Posted 4 July 2014 by Leigh Jackson
Unfortunately, unlike us humans, our beloved cats and dogs don’t have a National Health Service meaning illness or injury could ended costing you £100s in vet bills. One way to prepare financially is pet insurance but how do you get the best policy at the best price? Here are 10 things you need to know before you buy.
Some pets, usually dogs, are very difficult to cover. Dogs bred for their aggressive nature often can't be insured, such as pit bulls, Japanese tosas and Brazilian mastiffs. If your dog is crossed with any of these, it is unlikely to be covered.
This situation is similar for working dogs. Pets used for commercial purposes - racing, hunting, or sheep dogs - are normally excluded from this cover.
If you own any of these find cover with the help of a broker. The British Insurance Brokers’ Association is a good starting point.
If you are buying cover online resist the temptation to bend the truth to lower premiums. Lying on an insurance application is fraud. It can lead to your insurance being invalidated and, in the worst case, a criminal prosecution.
When applying for a policy, disclose all of your pet's medical history. This may make cover more expensive in the short term but will save you cash in the long term as providers won't pay up if they believe your pet's medical conditions existed before you took out the policy.
The PDSA – People’s Dispensary for Sick Animals – provides free vetinary services for sick or injured animals for owners on means tested support for council tax or on housing benefits. Visit the PDSA site to see if you’re eligible.
The PDSA will cover cats, dogs and other small furries but will only cover one pedigree pet per household. If you can afford to make a small donation, then you should, as it relies on the kindness of the public to keep these services running.
However, the PDSA is not a substitute for insurance, especially if you have a dog, as you will need public liability but more on this below.
Unlike cats, which are legally defined as free spirits, as an owner you are responsible for the damage caused by pet dogs. So if he runs into the road and causes a car accident, for instance, you could be sued by the drivers involved. However, insurance covers public liability handling the costs if your dog is involved in any kind of incident.
This cover is sometimes included in home insurance policies, so check your policy T&Cs closely to see if you need it. Another option for liability coverage is to join the Dogs Trust. The charity offers liability cover as part of its £25 per year membership fee. This covers you up to £1 million for any damage or injury caused to other people, their property or pets by all the dogs you own (though if you own a dangerous dog, it's likely to be excluded).
Getting your pet micro-chipped is certainly worth considering, not only will it help if Mr Whiskers or Rover goes missing but some insurers will also give you a discount on your insurance if your pet is chipper.
At the moment, it's not compulsory to have your pet micro chipped if you live in England - but it will be from April 2016. It's already compulsory in Northern Ireland and Wales, while Scotland's considering similar measures.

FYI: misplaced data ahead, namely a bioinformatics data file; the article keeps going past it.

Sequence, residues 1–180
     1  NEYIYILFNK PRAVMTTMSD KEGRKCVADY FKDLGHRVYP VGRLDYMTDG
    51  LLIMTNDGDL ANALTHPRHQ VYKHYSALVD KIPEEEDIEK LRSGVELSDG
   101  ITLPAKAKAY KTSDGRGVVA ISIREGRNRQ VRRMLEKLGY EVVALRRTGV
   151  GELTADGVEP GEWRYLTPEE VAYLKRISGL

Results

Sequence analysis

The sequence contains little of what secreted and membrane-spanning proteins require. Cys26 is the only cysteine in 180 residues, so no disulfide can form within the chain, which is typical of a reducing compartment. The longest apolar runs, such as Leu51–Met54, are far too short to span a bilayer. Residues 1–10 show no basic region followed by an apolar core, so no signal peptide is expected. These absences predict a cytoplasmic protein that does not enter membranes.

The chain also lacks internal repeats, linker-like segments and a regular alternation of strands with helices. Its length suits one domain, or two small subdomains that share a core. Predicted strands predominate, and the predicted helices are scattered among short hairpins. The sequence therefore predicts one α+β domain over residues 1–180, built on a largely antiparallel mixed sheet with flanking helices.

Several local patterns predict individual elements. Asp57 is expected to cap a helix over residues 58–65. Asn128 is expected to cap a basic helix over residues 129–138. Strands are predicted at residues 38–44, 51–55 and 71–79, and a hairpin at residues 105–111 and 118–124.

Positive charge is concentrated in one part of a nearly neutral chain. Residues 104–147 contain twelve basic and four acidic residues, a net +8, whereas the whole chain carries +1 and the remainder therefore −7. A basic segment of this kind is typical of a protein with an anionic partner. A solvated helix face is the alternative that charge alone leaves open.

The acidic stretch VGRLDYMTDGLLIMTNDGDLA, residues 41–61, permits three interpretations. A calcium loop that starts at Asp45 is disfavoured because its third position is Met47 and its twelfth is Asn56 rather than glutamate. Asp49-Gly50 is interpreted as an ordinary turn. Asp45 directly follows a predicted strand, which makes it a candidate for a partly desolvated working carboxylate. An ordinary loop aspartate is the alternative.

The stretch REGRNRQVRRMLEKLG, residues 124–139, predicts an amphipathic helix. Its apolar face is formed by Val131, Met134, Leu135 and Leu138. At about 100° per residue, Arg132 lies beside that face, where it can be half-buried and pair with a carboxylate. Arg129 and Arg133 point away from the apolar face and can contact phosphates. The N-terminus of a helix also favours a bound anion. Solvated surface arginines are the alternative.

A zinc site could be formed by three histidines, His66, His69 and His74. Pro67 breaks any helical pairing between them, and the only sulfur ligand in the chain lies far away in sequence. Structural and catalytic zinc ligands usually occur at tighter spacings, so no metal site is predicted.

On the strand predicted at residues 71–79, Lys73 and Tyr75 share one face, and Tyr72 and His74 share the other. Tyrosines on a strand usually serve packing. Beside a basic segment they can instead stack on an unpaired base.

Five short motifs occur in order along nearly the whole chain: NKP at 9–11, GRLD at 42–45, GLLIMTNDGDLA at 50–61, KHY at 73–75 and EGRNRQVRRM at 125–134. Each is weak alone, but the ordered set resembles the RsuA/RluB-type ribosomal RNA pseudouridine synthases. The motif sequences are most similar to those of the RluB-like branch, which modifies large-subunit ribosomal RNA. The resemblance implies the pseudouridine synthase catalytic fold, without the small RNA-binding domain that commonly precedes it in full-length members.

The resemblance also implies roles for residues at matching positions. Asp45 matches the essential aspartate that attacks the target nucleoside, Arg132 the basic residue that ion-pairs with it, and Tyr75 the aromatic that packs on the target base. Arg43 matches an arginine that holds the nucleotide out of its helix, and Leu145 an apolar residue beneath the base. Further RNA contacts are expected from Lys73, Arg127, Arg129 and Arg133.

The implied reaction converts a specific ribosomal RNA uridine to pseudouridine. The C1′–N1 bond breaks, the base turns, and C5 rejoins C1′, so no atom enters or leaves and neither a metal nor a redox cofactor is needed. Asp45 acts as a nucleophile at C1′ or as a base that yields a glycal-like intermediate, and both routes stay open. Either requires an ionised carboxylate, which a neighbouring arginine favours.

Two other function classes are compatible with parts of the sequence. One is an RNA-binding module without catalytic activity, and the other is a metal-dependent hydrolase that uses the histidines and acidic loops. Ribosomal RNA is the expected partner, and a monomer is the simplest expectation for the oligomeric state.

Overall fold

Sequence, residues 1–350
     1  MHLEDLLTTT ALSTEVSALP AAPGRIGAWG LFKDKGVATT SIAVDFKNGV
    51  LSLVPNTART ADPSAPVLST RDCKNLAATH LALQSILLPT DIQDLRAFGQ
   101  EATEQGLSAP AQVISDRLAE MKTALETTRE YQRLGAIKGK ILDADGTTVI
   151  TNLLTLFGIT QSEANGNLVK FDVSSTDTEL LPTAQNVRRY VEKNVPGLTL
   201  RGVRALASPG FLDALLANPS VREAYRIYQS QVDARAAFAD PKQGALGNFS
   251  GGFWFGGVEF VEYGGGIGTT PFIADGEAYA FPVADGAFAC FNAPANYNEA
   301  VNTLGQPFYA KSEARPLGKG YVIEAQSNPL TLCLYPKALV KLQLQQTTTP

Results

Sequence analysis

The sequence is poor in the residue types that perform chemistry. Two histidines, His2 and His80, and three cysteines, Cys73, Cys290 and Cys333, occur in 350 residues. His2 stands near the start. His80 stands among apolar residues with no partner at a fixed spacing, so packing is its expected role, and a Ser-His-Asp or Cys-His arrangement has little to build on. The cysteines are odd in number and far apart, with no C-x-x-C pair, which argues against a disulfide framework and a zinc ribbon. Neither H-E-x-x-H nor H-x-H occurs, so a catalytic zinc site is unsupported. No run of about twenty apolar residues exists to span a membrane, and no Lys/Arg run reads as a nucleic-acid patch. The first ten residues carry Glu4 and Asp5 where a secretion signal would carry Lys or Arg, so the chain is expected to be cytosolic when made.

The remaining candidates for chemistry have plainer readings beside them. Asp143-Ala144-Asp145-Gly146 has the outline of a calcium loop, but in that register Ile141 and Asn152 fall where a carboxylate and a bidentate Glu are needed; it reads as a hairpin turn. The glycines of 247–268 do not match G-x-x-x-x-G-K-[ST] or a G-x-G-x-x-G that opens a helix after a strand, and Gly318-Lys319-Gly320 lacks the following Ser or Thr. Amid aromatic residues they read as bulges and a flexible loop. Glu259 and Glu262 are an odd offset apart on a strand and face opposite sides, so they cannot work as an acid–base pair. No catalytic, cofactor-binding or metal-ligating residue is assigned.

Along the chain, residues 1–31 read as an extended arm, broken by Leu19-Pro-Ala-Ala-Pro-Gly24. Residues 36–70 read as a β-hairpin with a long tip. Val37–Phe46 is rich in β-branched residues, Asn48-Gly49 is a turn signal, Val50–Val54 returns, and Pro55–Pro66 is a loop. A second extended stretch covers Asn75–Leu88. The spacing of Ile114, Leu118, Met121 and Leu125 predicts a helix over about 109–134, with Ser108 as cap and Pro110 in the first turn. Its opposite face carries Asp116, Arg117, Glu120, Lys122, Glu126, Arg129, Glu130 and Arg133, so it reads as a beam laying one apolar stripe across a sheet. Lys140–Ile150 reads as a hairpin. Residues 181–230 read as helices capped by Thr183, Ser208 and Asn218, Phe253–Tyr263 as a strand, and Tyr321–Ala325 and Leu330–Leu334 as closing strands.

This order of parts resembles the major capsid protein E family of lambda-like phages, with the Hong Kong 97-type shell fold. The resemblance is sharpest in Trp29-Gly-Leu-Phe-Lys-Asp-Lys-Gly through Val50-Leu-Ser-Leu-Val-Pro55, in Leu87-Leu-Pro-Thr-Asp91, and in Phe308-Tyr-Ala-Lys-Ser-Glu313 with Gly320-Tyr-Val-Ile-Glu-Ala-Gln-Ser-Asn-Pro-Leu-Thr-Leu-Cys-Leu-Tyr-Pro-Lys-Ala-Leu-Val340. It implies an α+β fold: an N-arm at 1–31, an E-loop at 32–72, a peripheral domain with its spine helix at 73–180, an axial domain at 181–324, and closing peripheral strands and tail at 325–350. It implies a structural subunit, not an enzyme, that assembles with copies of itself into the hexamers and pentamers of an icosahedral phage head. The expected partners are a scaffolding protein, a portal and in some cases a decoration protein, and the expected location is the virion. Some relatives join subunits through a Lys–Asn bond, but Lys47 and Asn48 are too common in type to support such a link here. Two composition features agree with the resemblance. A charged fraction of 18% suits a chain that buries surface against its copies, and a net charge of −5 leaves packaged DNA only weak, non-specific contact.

Make sure your pet has the proper vaccinations, supplied by a vet, and you're provided with certificates. If you don't bother, or forget to keep your furry friend up-to-date with routine jabs, it could mean you aren't covered, and it could even invalidate your insurance.
Your pet doesn't have to be vaccinated to get a quote. But if you claim for a condition which would have been prevented by a routine vaccination, then it may not be met if your pet hasn't been given that vaccination.
Remember to keep your vaccination certificates in a safe place - you might need to produce them if you need to make a claim.
Insurance for pets is designed to cover the unforeseeable so broken bones and other accidental injuries, illness and the cost of advertising and a reward if you fall victim to dog or cat-napping are all included in most policies.
However, routine injections - flu, tetanus, parvovirus, annual boosters - check-ups, worming treatments and anti-flea medication are all excluded.
Many insurers will often offer a 5% to 10% discount if you put multiple pets on a single policy. However, don't let it stop you shopping around for a better, cheaper policy elsewhere. After all, 10% off is no good if you can get a rival policy elsewhere for 12% less.
If your pooch is posh, it may be more likely to develop hereditary conditions. For example, some suffer from weak joints or hips due to generations of inter-breeding. These can require regular support and treatment.
Some policies exclude treatment for hereditary conditions, so check your policy carefully. Many insurers also exclude conditions animals are born with. As a rule, pedigree owners pay more as insurers’ factor in their tendency to run a higher risk of long-term conditions, plus their heightened appeal to pet-burglars. Never lie about your pet's origins to save money on monthly premiums; declaring a dog a mongrel when it's anything but can void your policy.
From skunks to sugar gliders and possums to pot-bellied pigs, you'll need to try a specialist operator - in particular, to protect against burglars targeting rare or valuable creatures.
If you've a python worth £2,000, for example, pay extra special attention to what gets paid out on death or theft. If you have a tarantula, and like to show it off, perhaps consider third party insurance in case it takes a chomp out of one of your guests. Or then again, ensure the tank is very secure.
For more on how to buy pet insurance including best buys see MoneySavingExpert.com.